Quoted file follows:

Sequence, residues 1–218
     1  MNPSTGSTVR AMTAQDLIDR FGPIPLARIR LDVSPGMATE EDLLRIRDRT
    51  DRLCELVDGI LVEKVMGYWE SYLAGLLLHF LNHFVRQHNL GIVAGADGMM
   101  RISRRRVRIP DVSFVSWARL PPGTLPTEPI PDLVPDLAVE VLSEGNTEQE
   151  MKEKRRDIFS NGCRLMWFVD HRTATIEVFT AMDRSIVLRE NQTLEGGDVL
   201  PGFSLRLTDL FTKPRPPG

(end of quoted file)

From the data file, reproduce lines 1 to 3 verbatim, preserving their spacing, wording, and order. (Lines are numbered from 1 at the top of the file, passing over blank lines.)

Sequence, residues 1–218
     1  MNPSTGSTVR AMTAQDLIDR FGPIPLARIR LDVSPGMATE EDLLRIRDRT
    51  DRLCELVDGI LVEKVMGYWE SYLAGLLLHF LNHFVRQHNL GIVAGADGMM